The interviewer is astounded.  "What do you mean, these other countries have the finest programs on earth!" he exclaims.  The Italian leans over and says, "Don't you understand? A million for-a you, a million for me -- and dee American goes to Mars!"
  • Aug/New places in Italy - I got to spend my August with my sister/niece & nephews on Italy's Adriatic coast.  And, the best part yet, was seeing places I've never been to before!  Of course, no trip is complete without paying a visit to my favorite town in all of Italy, Ascoli Piceno (not least for their olive ascolane, deep-fried stuffed olives washed down with cool white wine).  But I was pleasantly surprised by the towns above Pescara, the churches that were out of this world, and the markets actually included real Italian-made products.  Walks near the Gran Sasso made it all the more spectacular, and provided a welcome breath of fresh air from the August heat.
  • Sept/Raising the Concordia - While none of us can get over the 'Hands in the cookie jar' defense of the indefensible Captain Coward of the Concordia, I was glued to its raising.  It was a feat of engineering, and while it was a multinational endeavor, the Italians had much to be proud of.  Certainly, spending all that money on this derelict ship just to send it for demolition left some wondering where our priorities were.  After all, hospitals are being closed all around us, schools are crumbling, and all this money is washed away at sea [granted, the operation did save the fragile environment underneath the ship.]  But compared to the outrageous purchase of dozens of fighter planes for a country that can't afford toilet paper for its students, well...it's hard to understand.  Nonetheless, I was glued to the screen, if for no other reason than accident porn.  
This is gonna be a tough one to set straight
From the inimitable genius of Gianni Falcone www.gianfalco.it 
More takes on the year of the Concordia conundrum:
  • Oct/Night at the Museum - Each October, we're treated to free admission & festivities throughout the country.  But in reality, these aren't the only times you can get into the most beautiful places on earth for a song.  There is a week each May as well, free nites on your birthday, and  bank collections and FAI heritage trust sites often open for free.  And all winter, there are free visits to the show in Rome of Augustus.
  • Nov/ASRoma Football/Soccer - Fans saw the Rome team came back from years of mediocrity (despite their 37 yr old Captain's finesse on the field) to have a fleeting chance at no. 01.  The games have all been exciting, and there's more to come in January!  With an updated website - in English, no less - I follow a lot of the English football commentary for my play by plays, even on twitter.  It's great to see.  In November, we also saw the relaunch of Naples' Città della Scienza after being burnt to the ground by someone - most likely interested in developing the area, and not kids' brains.  [Full disclosure: We opened with one of the shows I represent from the USA, Brain: The World inside your head].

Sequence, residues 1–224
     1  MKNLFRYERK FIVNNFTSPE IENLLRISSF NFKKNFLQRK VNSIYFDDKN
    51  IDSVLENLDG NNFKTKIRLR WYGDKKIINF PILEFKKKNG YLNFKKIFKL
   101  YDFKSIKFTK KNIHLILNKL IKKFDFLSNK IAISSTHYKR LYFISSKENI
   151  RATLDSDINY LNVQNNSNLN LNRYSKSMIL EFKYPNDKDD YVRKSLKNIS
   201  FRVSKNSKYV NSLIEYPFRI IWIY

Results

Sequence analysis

• Dec/Londinium - After leaving behind: the fab book event in which I introduced readers to many expat authors living in Italy (I'll be adding even more to the titles on my Book Page Tab above), the drab Christmas tree mounted in Rome's Piazza Venezia (and crucified on twitter), the mad grab of politicians for more money & perks as they force most of Italy into poverty and cripple companies, I saw that sometimes, things are the same all over.  Attending the terrific show of Fascinating Aida, we found that Brits are threatened by immigration, school teachers can't make a living wage, the bathrooms at London's Science Center, airports & other public places don't flush (but they do have toilet paper!), and the price of transportation is keeping people away - from everything and everyone else.  As they say in Italy, "Tutto il mondo è un paese - The whole world is just a village".
Buone Feste! To the habitual Readers of my blog, to all my peeps, and to my occasional voyeurs and (sadly, even fewer) occasional commenters!  See you in 2014.


Many live links throughout the post.

3 comments:

Dave514 said...

When you finally grow up, you'll be able to at least understand one religious institution. That is when you've been able to answer the two questions of life in their order, "Why am I here" and "What do I want." You'll also understand why women will never be priests, but that'll take a lot more study on your part.

At least you approve of BG. He's probably Italy's only hope for some sanity in the political structure except for another Il Duce.

As to Pompeii, the reason that the British Museum has all these artifacts is that they were stolen by the British Ambassador to The Kingdom of The Two Sicilies,Lord Hamilton. He was also a close friend of the king who was an even greater thief. Luckily for Naples a lot of the king's thievery resides in one of their museums.

Davide

Francesca Maggi said...

Grazie, Davide -
For your continued support--if - errr - I could call it that! ;) over the years, your passion, history, knowledge and humor!
Cuz you know...I never take you seriously....

Un abbraccio caloroso e Buon Anno 2014!

Mandy Indonesia said...


Hello, I really like your article. I will keep coming here, Thanks for this post.